From more entertainment value Dooris also showed a John St case study of organising a kids party as a social media experience. He also emphasised that there are conversations happening all over the place online and you can’t just barge in and try and promote without being rumbled by the community. He likened this to walking into a pub and joining a group of friends and talking about yourself. A better way is to sit, listen, observe and over time build up knowledge of the community and then join in. Members of a community will rumble you if you’re not authentic BUT if you do have something relevant to offer the community then offering this (a free book, information about an author event) will work.

When discussing the work they did on the Twilight campaign they looked at:

A Social Media audit on conversations; Insights into the audience and the culture; What was the essence of the publication (VIP this one!); What opportunities were there; Made a plan; Reported on success!

Dooris also gave a great handout to help attendees plan their Social Media Strategy. Key points included:

Understand Your Objectives! Who are you targeting? What are your online business objectives? How does your audience profile compare to the profile of users of specific social networks and tools? Do analysis of what the competition are doing to reach their key audiences.

Campaign Strategy! Do you understand the roles played by social media in your market sector? Where are you currently? What social media strategies are your competitors running? What are realistic objectives and what channels (ie Blogging; RSS; Social Bookmarks; Social Networks or Content Communities)? How will you measure success? What tools are you using to measure and track your social media strategy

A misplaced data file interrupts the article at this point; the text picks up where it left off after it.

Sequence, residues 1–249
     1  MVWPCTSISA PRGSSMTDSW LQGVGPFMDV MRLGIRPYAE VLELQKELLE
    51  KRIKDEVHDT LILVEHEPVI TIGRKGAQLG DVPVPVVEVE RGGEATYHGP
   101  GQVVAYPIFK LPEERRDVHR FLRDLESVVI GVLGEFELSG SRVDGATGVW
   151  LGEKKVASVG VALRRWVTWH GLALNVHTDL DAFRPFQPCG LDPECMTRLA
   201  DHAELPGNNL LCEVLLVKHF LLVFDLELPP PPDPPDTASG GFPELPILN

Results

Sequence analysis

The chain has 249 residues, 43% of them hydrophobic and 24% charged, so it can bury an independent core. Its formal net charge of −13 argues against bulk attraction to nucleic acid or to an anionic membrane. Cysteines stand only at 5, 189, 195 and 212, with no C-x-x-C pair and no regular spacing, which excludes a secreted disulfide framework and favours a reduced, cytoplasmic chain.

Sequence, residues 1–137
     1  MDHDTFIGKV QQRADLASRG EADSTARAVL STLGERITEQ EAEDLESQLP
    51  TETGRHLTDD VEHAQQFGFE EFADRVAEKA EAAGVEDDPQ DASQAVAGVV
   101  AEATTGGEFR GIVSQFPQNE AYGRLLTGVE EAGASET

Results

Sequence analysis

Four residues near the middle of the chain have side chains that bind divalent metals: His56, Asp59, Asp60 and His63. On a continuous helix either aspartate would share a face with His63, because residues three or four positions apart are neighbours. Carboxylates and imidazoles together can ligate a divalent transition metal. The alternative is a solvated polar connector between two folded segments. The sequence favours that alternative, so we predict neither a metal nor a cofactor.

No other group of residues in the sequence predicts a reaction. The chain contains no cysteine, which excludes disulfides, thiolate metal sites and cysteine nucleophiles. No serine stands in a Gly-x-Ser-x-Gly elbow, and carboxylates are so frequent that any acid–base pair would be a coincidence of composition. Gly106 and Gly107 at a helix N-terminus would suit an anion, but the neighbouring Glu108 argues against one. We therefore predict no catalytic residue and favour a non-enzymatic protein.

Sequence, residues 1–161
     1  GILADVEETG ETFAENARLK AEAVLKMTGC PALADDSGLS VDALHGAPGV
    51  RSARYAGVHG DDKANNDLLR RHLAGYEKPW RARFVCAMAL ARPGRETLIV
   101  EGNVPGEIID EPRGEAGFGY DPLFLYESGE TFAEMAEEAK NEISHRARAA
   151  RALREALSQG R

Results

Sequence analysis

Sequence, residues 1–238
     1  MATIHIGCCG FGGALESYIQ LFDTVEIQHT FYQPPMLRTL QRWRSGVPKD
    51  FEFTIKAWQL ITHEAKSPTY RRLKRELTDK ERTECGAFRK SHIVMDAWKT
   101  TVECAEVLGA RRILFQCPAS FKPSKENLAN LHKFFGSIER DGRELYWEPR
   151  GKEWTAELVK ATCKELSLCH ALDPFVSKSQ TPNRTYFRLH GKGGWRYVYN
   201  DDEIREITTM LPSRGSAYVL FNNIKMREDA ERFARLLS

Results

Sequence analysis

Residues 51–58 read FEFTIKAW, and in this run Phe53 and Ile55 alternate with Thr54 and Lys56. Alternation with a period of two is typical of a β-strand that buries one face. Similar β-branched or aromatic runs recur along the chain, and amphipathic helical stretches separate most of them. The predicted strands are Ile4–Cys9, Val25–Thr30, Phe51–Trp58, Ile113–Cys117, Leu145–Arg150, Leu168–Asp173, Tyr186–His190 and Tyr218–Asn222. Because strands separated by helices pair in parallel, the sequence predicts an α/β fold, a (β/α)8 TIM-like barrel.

Listening and Monitoring! What search terms ID your social media content and how will you monitor these terms? and how often?

Responding and Engaging: Create clear policies and processes for responding and what platforms? If there is a crisis will you respond using social media?

Campaign Delivery and Workflow! Who is responsible for the social media strategy internally and externally – and are they kept across any changes? Who creates and communicates social media policies internally? Do you need training? Who inside your business will be involved with the strategies and who develops content? What is your content schedule?

Well call me a data nerd but I love all this stuff! I LOVE the idea of having a document which outlines all this and boy, would I have given my eye teeth to have this as a template when stumbling through trying to set things like this up four years ago! Thanks Jason Dooris for sharing this fantastic information with members of the Australian Publishing Industry!

I’ll be adding more to this post over the coming days to report on what was presented by Sally Bateman from Penguin Group Australia, Andrew McDonald from Readings Bookshop, Karin Pfaff from Murdoch, Mark Harding from Shearers Bookshop and Angela Meyer, Book reviewer, tweep and blogger.

Part 2 of my post is available here now!